The new director of the unfinished American Indian Cultural Center and Museum said the project could end up costing a lot of money simply to maintain what's been built.
Private donations are being sought to complete the work.
Blake Wade, who headed Oklahoma's Centennial celebration, was named the new executive director of the cultural center in November.
The task given to him, he said, is fairly simple.
“This thing is halfway through,” Wade said. “My job, you could say, is to help raise the $80 million we need to complete it.”
Wade said the goal is get $40 million in the form of private donations, with the state of Oklahoma covering the rest through appropriations.
Not doing so — and not doing so with a sense of urgency — could cost the state big time.
“Every year we stall, this goes up in price. ... That's why I came on board,” Wade said. “Even if we stop and do nothing out there at the site, it's still going to cost us $500,000 a year just to mothball it.”
Reports also suggest that up to $4 million in revenue will be lost for each year the cultural center opening is delayed.
Wade said he will begin talking with lawmakers between now and the start of the next legislative session. He said elected officials must be ready to act in order to get the project done.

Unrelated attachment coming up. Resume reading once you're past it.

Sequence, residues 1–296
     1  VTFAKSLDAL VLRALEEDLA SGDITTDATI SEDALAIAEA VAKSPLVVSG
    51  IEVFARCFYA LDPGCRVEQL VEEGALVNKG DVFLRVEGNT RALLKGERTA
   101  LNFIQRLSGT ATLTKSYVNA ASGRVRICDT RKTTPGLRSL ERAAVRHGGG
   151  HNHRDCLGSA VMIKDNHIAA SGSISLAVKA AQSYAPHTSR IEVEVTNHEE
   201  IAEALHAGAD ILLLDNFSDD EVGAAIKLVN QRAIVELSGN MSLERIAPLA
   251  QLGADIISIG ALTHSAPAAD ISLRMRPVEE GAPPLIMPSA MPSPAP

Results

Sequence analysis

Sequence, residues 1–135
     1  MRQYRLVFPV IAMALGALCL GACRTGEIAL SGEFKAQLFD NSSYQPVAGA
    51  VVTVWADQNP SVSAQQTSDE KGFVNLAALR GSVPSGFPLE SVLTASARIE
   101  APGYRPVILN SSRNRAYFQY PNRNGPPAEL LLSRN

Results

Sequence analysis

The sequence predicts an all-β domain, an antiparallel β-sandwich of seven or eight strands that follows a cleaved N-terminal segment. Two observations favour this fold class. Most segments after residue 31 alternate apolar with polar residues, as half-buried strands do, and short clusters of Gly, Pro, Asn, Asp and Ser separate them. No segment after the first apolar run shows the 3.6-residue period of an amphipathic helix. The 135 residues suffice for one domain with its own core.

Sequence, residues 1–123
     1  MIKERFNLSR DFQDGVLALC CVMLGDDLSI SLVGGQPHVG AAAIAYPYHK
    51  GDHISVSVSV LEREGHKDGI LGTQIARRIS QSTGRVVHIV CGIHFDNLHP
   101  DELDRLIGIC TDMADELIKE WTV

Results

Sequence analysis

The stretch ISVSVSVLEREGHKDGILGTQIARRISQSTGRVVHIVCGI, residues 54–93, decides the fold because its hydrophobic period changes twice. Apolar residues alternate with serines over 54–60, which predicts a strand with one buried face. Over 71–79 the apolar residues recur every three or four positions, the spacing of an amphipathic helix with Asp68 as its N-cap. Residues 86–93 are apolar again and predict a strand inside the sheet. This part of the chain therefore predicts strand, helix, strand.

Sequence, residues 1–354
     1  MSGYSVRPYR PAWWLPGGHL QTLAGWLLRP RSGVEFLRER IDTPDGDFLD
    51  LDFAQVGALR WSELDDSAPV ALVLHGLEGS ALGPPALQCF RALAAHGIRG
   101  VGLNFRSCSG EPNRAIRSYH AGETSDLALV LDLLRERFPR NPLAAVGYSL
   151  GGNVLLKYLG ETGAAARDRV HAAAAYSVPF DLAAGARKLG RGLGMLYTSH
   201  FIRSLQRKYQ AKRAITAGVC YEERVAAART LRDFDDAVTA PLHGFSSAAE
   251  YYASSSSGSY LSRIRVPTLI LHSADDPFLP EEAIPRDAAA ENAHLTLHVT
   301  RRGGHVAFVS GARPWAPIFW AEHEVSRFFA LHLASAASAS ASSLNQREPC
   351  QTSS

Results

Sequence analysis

“In my opinion, it's gone too long,” Wade said. “We've got to act on this in the next legislation session.”
And things are off to a good start, he said.
“We already have $20 million, which is half of what we need,” Wade said, adding that private pledges are kept confidential. “But it's all contingent on the state providing the matching dollars.”
During the last legislative session, lawmakers failed to authorize $40 million in bonds to keep the project moving.
To date, the state has already invested $67.4 million in the project, with the federal government adding another $16.3 million, according to the center's website.
Private contributions, including $5 million provided by Oklahoma tribes, totals $6.7 million.
If all goes according to Wade's plan, the cultural center could be open “in three to four years.”
Quest to finish
Wade has some help in the quest to finish the ambitious project, which already includes a giant promontory mound, the modern-looking “Hall of People” sculptures and shells of buildings not yet complete.
A new TV ad with sweeping aerial views of Oklahoma City and two former governors has been airing in recent weeks, reminding Oklahomans about the importance of finishing the massive American Indian Cultural Center and Museum.
Wade also has a new fundraising team full of heavy-hitters, including well-known event planner Lee Allan Smith, Oklahoma City Thunder owner Clay Bennett, and former University of Oklahoma football coach Barry Switzer.
The commercial, produced by Ackerman McQueen and paid for by the Chickasaw Nation, doesn't feature a specific call to action, like most ads do, but the message is fairly clear.
Former state heads Frank Keating and Brad Henry each appear in the ad, touting the revitalized downtown, the Oklahoma River and even the Oklahoma City Thunder.